Operators of Orange County’s toll-road network are planning to eliminate cash payments and toll-booth jobs as they try to squeeze more out of their financially strapped pay-to-drive highways.It isn't only transit that overestimates ridership! (Though roads tend to underestimate.)
Drivers who use the route 73, 261, 241 and 133 toll roads will need to have payment accounts linked to their transponders or their license plates in order to use the corridors. Cash payments will be phased out over the next 16 months.
The FasTrak transponders or the license-plate accounts electronically deduct money from a driver’s credit line.
In addition, a rate hike takes effect Sunday. Cash tolls will increase between 25 and 50 cents at most toll plazas and FasTrak tolls will increase between 5% and 10%. Rates vary, depending on the time of day.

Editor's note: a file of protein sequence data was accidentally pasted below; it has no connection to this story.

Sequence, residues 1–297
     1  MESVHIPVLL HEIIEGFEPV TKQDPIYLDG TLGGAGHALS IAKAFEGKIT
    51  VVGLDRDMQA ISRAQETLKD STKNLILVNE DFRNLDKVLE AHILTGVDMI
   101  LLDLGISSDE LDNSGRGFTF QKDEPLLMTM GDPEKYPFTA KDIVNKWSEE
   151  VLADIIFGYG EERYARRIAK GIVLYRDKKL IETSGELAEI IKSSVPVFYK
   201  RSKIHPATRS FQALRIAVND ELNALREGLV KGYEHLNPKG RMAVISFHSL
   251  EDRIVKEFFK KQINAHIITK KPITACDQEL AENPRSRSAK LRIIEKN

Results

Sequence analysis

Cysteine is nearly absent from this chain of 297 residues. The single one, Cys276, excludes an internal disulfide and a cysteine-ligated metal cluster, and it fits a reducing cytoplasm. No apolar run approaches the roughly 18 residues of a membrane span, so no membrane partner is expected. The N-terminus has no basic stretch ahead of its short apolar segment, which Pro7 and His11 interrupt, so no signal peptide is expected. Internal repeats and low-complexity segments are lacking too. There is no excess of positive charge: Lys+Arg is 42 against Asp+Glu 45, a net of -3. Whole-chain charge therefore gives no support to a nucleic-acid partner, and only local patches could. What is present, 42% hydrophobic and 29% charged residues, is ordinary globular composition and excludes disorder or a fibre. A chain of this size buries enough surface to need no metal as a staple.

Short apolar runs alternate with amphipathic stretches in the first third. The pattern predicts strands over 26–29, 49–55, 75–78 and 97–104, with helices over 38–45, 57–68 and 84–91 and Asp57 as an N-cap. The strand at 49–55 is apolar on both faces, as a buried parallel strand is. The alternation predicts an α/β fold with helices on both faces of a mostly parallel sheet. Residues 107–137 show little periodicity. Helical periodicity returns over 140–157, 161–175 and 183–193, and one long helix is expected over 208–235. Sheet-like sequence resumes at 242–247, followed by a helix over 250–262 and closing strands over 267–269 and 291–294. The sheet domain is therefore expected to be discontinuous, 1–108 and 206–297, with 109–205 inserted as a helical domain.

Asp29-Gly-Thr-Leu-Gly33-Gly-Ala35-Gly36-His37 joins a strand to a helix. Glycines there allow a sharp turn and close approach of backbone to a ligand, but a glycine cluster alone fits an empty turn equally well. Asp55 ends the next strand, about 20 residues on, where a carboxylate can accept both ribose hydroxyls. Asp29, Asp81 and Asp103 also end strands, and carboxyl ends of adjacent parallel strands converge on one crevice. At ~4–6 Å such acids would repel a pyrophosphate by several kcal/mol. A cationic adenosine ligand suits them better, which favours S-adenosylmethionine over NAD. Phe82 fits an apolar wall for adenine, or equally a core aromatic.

The changes, which will eliminate about 100 toll booth jobs, come about a year after the 73 toll-road project restructured its roughly $2.1 billion in debt. An agreement with bondholders requires the agency to hike tolls whenever feasible.
As ridership continues to fall below projections, leaders are looking for long-term, money-saving measures.
I understand that toll roads are not doing that well as a private enterprise model in many areas. It isn't clear that this road isn't profitable, though. It is just below projections. The Toll Roads (the operators, you can like them on Facebook) regularly offer deals, giveaways and coupons to businesses as incentives to use their road. It is a bit of an odd model in that I am not used to getting a chance to win dinner simply by driving (and paying for) a particular route. I'm not sure if their marketing is successful, but perhaps there are some lessons about how transport can improve usage and service.